This is the Summary Report on the findings and methodology of a project that tested the hypothesis that a novel noninvasive optical 3D imaging sensor can capture for forensic examination the critical, detailed characteristics of shoe or tire impressions in snow or soil and on uneven surfaces.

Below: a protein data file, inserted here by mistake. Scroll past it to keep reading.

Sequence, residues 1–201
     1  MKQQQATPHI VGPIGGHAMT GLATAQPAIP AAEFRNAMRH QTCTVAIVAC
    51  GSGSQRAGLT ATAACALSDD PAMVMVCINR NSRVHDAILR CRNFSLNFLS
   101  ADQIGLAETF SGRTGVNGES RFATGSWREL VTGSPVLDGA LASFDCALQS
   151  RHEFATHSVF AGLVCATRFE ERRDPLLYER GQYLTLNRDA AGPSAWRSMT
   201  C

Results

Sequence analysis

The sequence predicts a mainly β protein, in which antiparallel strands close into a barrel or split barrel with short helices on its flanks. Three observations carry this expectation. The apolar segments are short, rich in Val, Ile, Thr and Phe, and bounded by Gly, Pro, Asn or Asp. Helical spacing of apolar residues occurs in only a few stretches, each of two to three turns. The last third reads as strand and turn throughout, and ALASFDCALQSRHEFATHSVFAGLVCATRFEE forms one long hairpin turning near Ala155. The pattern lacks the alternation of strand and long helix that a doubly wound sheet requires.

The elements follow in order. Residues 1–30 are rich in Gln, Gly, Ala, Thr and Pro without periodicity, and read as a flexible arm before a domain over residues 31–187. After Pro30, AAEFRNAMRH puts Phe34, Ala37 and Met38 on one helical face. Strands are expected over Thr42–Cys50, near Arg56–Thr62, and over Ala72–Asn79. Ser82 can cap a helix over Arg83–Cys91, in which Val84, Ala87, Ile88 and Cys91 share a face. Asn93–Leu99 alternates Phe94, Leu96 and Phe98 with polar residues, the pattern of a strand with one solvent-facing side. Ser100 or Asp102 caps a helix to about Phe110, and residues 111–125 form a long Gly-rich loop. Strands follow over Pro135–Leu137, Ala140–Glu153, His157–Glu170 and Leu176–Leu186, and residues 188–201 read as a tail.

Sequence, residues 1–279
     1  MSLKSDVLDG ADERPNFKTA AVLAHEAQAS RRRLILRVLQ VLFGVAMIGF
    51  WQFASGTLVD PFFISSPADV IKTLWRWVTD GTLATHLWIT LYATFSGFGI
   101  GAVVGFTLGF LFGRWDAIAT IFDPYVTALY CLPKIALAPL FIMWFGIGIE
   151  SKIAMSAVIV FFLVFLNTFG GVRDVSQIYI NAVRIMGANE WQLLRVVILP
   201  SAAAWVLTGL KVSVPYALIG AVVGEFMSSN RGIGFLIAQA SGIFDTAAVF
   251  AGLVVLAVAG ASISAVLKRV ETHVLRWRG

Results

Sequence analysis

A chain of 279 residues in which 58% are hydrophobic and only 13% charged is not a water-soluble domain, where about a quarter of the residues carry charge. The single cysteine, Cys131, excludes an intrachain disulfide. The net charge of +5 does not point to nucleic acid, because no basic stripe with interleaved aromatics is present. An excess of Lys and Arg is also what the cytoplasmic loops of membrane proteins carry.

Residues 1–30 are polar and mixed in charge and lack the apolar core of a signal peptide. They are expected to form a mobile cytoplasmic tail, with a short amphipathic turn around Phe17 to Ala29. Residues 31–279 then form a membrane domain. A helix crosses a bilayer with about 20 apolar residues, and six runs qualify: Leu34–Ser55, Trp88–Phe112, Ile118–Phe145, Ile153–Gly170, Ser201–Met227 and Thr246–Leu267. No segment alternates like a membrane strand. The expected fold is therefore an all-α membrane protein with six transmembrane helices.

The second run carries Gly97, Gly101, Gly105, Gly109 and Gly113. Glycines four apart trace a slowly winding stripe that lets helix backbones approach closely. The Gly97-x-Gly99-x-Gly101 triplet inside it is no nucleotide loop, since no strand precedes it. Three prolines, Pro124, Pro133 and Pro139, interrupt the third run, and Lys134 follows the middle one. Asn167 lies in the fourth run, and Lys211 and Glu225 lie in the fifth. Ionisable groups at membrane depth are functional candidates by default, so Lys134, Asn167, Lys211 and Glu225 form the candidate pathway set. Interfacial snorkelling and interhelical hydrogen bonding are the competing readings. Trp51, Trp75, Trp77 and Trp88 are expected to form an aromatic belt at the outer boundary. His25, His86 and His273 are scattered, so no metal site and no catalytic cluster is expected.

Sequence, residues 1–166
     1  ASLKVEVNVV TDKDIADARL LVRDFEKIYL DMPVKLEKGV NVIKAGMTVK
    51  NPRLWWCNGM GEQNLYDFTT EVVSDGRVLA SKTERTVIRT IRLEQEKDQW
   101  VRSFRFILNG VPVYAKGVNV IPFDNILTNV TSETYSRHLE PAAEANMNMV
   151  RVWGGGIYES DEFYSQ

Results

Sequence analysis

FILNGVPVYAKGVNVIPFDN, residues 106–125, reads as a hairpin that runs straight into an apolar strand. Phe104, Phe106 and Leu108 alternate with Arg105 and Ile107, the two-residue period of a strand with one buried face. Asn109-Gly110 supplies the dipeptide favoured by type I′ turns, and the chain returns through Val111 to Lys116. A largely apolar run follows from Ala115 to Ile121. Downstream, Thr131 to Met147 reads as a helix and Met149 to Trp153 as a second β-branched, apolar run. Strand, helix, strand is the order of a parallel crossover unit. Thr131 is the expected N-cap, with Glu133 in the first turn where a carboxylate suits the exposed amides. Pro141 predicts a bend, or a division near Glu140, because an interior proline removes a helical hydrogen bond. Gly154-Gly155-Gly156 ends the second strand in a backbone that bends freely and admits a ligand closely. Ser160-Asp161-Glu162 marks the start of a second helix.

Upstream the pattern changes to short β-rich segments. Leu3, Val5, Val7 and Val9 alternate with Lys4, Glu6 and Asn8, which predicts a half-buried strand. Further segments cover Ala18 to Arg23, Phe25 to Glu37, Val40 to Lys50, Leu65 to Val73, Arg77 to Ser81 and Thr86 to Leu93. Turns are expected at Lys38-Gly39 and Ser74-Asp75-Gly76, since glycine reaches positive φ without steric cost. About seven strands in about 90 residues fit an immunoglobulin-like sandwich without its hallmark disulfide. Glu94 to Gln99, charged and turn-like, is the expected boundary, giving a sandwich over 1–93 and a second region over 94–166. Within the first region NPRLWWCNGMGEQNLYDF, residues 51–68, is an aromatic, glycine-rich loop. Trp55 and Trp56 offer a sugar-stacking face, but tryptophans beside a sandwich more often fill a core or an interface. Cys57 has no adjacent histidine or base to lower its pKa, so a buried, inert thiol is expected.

This project succeeded in validating the hypothesis by developing portable and fully automated 3D systems that automatically measure high-contrast or low-reflexivity surfaces. The hardware was designed to be portable and easy to set up. The software graphical user interface (GUI) was designed to be intuitive, so users do not require training to operate it. Compared to the high-end commercially available 3D scanner (GOM ATOS CORE), the project's technology achieves a similar level of accuracy and resolution. It has the advantages, however, of being more affordable at a fraction of the cost of the commercial system, easier to operate, and more robust. Further, it is non-destructive, collects more evidence detail when an impression is fragile, saves time, and costs less to collect each impression. The 3D digital cast provides detail equal to or better than that of a physical cast and requires minimal training to capture it. 3 figures and a listing of project-related publications, papers, and presentations